By Kelsey Rowlson
Kelly Kinkade, who works in Whatcom Community College’s mail services department, lives off the electrical grid. In other words, he doesn’t depend on a power company to supply electricity. In the 1990s Kinkade and his wife bought property in Whatcom County to build their house on. The property did not have access to power.
“We lived for two years in a trailer while I built the house,” Kinkade said. “We had no electricity, no lights except flashlights & rechargeable lanterns, no running water, and often no heat.” Eventually Kinkade did acquire a propane heater.
If that wasn’t enough of a feat, Kinkade built his house himself with only hand tools, no power tools. He and his wife also pumped their own water and supplied their own heat by installing a wood stove.
“It is one of life’s ironies that I grew up reading science fiction and dreaming of robots, jet packs, talking computers and flying cars,” said Kinkade, “yet now in my adult years I seem to be retreating into a dream of the Amish, Luddites, and the 1800s.”
Increasingly, residents of Washington are seeking effective ways to conserve energy. The issue of alternative energy sources has been on the minds of many members of the Bellingham community with the recent and ongoing debate raging over the proposed Gateway Pacific Terminal in Cherry Point, Wash. Washington is considered by many to be one of the nation’s cleanest and “greenest” states, but even so, Kinkade is living ahead of the curve.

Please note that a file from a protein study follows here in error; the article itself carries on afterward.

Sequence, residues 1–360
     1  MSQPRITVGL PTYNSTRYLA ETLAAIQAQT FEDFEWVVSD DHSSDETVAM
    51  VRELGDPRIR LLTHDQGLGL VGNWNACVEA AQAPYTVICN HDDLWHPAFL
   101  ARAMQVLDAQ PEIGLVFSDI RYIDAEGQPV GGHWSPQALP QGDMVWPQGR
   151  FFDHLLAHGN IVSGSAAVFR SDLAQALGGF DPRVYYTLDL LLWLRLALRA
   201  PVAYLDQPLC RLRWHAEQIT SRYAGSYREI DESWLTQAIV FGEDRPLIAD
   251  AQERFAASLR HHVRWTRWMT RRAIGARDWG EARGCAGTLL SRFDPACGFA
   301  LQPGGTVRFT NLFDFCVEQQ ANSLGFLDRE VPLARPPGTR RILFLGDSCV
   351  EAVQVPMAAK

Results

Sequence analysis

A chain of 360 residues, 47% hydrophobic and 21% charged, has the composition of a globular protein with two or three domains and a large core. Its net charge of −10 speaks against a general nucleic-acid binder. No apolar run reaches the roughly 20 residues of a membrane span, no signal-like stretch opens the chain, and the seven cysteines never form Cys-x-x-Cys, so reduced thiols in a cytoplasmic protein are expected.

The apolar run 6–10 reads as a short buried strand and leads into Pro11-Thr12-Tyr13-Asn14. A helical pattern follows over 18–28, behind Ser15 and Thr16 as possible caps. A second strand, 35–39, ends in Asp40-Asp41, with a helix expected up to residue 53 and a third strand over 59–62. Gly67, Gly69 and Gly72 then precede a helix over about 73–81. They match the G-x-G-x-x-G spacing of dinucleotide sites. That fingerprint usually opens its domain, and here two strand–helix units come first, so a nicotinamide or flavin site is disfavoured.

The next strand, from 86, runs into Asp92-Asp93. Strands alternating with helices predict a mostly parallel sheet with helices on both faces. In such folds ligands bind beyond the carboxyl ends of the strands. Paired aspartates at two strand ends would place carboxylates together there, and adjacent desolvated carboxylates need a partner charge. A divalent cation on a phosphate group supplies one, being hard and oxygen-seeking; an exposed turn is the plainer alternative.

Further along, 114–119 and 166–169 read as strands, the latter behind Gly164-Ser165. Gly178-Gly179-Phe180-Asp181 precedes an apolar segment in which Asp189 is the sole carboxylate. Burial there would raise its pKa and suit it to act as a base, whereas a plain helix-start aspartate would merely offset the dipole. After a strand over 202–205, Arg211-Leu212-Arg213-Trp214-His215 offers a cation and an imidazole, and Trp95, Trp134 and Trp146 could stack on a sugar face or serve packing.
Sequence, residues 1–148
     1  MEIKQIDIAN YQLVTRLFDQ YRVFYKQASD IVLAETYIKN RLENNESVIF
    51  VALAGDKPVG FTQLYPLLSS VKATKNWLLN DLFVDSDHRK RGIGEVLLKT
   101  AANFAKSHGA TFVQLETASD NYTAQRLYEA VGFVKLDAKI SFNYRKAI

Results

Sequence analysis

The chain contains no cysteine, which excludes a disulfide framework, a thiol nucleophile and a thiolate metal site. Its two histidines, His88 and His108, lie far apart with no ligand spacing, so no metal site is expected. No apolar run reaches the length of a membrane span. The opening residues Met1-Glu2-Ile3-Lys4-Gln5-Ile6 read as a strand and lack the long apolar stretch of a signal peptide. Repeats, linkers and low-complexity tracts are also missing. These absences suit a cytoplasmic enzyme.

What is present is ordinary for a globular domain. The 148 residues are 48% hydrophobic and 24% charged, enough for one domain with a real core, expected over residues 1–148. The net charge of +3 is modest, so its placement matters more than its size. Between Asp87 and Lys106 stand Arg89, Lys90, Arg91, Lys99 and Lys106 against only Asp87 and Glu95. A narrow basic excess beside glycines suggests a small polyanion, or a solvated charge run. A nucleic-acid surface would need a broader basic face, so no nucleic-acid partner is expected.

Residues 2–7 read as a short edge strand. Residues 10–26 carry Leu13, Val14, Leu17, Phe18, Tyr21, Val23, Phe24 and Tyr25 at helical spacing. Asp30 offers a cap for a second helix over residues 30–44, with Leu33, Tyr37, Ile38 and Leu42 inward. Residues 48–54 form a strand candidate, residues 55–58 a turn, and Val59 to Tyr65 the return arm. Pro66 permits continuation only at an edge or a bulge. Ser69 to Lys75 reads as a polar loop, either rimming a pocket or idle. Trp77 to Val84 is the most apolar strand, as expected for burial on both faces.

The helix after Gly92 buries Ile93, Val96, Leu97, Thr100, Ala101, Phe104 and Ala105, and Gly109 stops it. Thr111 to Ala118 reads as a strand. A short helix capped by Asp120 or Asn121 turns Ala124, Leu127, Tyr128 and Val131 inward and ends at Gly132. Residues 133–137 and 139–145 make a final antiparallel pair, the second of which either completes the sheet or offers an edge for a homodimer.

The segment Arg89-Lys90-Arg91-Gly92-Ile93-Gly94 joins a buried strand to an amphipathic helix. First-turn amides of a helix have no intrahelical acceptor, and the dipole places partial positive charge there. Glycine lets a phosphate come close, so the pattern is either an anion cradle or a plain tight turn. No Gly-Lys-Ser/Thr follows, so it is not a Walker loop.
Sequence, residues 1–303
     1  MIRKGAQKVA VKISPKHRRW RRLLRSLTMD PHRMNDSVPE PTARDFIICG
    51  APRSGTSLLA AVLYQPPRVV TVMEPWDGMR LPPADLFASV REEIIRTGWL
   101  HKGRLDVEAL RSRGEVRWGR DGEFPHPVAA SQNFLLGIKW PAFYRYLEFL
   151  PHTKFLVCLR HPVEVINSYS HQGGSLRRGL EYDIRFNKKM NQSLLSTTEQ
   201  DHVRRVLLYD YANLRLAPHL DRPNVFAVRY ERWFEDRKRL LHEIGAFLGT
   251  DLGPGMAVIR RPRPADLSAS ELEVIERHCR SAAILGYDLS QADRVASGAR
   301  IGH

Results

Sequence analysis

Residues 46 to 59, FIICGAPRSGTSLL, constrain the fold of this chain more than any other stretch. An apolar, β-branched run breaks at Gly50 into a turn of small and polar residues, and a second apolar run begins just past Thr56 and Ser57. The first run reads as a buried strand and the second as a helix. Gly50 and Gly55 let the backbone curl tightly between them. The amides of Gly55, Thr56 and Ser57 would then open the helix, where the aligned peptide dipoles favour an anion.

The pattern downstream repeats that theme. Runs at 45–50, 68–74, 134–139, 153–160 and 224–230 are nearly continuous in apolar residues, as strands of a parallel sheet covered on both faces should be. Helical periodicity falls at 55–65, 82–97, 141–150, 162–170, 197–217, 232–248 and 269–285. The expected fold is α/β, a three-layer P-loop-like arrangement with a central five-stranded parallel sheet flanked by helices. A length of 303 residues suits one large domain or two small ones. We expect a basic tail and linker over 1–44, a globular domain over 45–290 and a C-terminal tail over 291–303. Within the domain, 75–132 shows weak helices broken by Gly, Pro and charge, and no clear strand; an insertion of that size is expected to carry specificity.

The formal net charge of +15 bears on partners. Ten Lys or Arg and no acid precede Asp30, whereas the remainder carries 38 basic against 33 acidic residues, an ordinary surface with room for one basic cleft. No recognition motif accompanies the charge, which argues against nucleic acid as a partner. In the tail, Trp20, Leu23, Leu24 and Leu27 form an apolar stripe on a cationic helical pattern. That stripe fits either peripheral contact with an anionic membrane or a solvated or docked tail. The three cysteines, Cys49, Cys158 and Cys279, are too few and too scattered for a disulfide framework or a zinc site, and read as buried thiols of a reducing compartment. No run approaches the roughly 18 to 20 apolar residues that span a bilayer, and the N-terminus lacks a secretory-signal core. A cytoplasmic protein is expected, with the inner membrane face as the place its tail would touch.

Today, he has evolved with the technology. “I use solar electric panels to produce electricity that is stored in batteries,” he said. “These batteries power the lights, appliances, and a freezer in my house. I have a wood cook stove for heating the house, cooking, and producing hot water; I also use solar hot water panels for heating water. The house is also partially heated by passive solar.”
In the winter, when the sun isn’t shining, Kinkade plans to use a home-built pedal generator to supplement the electricity in batteries.
This isn’t off the grid enough for Kinkade though, as he and his wife are working to produce more of their own food and disconnect from the industrial food system. “My current goal would be to produce 50 percent of our food, but we have not come even close at this time,” he said.
So why does he do it? Kinkade believes that although computers and the Internet can be very useful tools, they are mostly used for amusement or frivolous activities.
“I have a love-hate relationship with computers and the Internet,” he said. “I know that I am susceptible to these and so I try to limit my exposure/screen time. Facebook & social media have created a new ‘grid’ that allows strangers to invade your privacy, steal your identity, or stalk you. It is also being used by marketers and the government to profile the population and make us easier to predict and manipulate.”
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